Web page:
Focusing purely on the physiological side of things for the moment, the answer may be to do with adrenal fatigue. It’s no secret that most of us spend an inordinate amount of time in a state of high arousal. We are stressed when we get woken up by our alarm clocks in the morning. We are stressed when we force our way through the crowds to commute to work. We’re stressed at the desk where we get shouted at all day long and work to tight deadlines. We’re stressed when we come home, too tired to do anything but all too aware that this or that bill needs to be paid/sorted out. Even our phone screens trigger the production of excitatory neurotransmitters.

And despite all that arousal, none of it is particularly stimulatory. Our work often isn’t intrinsically motivating (at least not for the 80% of people who don’t like their jobs), and we rarely encounter new sights, sounds, or challenges. Hence the complete lack of serotonin, or of BDNF and other learning chemicals.

Programming, hacking, batman

Too many of us suffer from adrenal fatigue, and a craving for something interesting and entertaining. So it’s no wonder that we struggle to summon our superhuman focus at the office that next day, or that evening when training or starting a new business.

So the best nootropic stack should instead focus on recovering the brain. We should view this process as biphasic: enhancing recovery so we can go into the next day with the optimal chance of attacking work with plenty of energy and enthusiasm.

A simple stack to accomplish this is: omega 3, vitamin D, magnesium, ashwagndha, inositol.

Omega 3 fatty acid is neuroprotective, it will reduce inflammation, it speeds up neuronal transmission through improved cell membrane permeability, and it even supports neuroplasticity by helping with myelination (study) – essentially strengthening connections between brain cells. What’s more though, is that it also helps to increase the production of DHEA: the hormone that helps to buffer the effects of stress.

Vitamin D likewise helps to support healthy levels of DHEA (study), as well as testosterone (also important for drive and recovery), and other key hormones.

Brain training program

Magnesium supplementation is useful to support vitamin D supplementation, but can also encourage better sleep when taken in the evening, and most importantly can support neuroplasticity.

Adaptogens as we have seen are generally very effective at helping the body to cope with stress. This is likely why I had such success with cordyceps, and adapt 232. Many of us are living with some degree of burnout, and taking the time to correct that can yield amazing benefits. For long-term support, Ashwagandha is a good choice as it has been shown to raise DHEA levels and lower cortisol by up to 26% (study). It also helps to regenerate axons and dendrites, reconstruct synapses, and support BDNF production (study), perfect for our purposes.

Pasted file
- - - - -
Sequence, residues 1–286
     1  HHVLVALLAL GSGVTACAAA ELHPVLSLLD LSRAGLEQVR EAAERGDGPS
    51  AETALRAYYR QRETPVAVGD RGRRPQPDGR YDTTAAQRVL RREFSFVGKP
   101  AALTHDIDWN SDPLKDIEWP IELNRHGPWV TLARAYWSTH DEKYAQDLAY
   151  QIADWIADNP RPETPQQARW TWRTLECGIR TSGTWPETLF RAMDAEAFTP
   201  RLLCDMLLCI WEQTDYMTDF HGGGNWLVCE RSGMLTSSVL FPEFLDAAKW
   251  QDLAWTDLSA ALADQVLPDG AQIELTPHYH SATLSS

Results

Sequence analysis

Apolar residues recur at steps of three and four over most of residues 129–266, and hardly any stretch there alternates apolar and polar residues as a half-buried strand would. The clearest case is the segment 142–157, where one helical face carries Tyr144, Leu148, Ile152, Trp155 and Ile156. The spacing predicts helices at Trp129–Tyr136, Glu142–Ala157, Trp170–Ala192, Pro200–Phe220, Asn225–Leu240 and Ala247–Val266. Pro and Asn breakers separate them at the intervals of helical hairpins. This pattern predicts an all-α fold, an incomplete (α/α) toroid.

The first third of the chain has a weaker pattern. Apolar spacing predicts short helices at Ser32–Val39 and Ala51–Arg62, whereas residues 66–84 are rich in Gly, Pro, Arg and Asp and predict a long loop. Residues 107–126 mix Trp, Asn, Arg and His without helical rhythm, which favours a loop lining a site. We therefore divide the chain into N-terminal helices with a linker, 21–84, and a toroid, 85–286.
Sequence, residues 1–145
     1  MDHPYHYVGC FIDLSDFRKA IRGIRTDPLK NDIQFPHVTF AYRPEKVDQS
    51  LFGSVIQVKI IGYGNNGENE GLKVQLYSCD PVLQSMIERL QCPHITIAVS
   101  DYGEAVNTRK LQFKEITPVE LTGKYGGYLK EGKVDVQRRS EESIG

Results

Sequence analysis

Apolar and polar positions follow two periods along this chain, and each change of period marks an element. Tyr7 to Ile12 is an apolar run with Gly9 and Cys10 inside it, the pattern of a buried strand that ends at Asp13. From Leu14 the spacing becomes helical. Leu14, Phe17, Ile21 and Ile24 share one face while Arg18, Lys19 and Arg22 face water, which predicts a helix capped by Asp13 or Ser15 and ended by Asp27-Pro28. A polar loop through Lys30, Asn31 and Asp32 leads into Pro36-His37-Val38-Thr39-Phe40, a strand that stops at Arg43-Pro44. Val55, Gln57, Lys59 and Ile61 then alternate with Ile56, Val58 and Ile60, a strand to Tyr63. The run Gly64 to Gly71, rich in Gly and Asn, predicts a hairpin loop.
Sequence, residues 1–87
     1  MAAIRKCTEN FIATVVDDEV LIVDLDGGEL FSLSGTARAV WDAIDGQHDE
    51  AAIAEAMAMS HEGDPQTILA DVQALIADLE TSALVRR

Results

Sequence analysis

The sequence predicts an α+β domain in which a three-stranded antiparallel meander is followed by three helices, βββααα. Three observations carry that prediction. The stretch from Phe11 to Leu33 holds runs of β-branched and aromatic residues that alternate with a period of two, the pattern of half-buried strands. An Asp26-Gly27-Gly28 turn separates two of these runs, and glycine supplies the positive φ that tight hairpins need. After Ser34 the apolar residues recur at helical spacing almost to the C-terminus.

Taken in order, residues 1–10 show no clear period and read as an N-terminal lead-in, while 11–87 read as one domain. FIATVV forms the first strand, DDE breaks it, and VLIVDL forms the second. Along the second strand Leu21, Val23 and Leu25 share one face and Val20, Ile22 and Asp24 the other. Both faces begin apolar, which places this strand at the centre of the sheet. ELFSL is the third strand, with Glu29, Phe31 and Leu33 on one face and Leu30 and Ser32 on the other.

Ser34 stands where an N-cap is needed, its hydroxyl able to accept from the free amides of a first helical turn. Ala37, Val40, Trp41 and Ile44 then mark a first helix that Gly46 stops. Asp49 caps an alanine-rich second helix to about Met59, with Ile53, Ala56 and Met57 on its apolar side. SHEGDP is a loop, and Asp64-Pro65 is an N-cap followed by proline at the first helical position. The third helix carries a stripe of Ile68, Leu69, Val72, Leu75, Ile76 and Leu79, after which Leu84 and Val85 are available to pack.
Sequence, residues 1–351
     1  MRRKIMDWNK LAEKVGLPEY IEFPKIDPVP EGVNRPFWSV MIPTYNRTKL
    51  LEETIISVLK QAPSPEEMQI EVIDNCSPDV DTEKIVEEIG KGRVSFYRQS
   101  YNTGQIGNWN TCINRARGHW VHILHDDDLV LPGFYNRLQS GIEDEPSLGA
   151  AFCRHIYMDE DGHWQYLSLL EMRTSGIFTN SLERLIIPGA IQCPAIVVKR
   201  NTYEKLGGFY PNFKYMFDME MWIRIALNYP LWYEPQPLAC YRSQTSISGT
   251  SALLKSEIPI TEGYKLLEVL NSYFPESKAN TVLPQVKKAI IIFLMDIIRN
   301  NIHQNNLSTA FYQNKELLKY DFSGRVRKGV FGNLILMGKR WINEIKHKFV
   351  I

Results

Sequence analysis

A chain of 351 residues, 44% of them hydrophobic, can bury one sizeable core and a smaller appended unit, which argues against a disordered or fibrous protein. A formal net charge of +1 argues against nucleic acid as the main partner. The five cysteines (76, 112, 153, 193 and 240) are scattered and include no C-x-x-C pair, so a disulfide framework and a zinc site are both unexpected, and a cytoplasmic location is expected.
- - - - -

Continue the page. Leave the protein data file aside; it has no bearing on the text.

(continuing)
There’s plenty more I would add to a stack like this, including lutein, creatine, curcumin etc. but it starts to get a little expensive. I include inositol on this list too, as it is able to help boost the density of neurotransmitter receptors (study). There is some concern regarding the effect of inositol on testosterone levels, but the effect is unlikely to be enough to be noticeable, especially given what we’re doing here to support it. The good news is that all these ingredients are perfectly natural and should be possible to obtain through a healthy balanced diet, which is also a strong option!

Instead of hacking the brain, we’re simply ensuring it has the nutrients it is designed to thrive on, in order to better cope with the demands we’re trying to place on it. If we’re going to push our brain to perform at its max, it only makes sense that we should try and support its recovery to the max during the downtime. It’s a biphasic approach – a yin and yang. And it also means that getting proper rest is vitally important. Just like you wouldn’t expect to go extremely hard in the gym every day, without so much as resting come evening.

Batman memory

You can also combine this with a number of lifestyle changes to put you in the best possible state:

  • Getting plenty of sleep
  • Getting plenty of sunlight – my advice? Train outdoors
  • Using intermittent fasting, which elevates neuropeptide Y in the basomedial hypothamalus (study), and increases norepinephrine in the short-term. This is widely regarded as a way to enhance productivity and focus.
  • Meditation, which induces alpha and theta brainwaves, supports neuroplasticity, and trains focus
  • Choosing tasks that are intrinsically motivating where possible

We aren’t stimulating a flow state, so much as enhancing an adaptable state – from which flow should come much more readily.

flow state ultra instinct

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About Adam Sinicki

Adam Sinicki, AKA The Bioneer, is a writer, personal trainer, author, entrepreneur, and web developer. I've been writing about health, psychology, and fitness for the past 10+ years and have a fascination with the limits of human performance. When I'm not running my online businesses or training, I love sandwiches, computer games, comics, and hanging out with my family.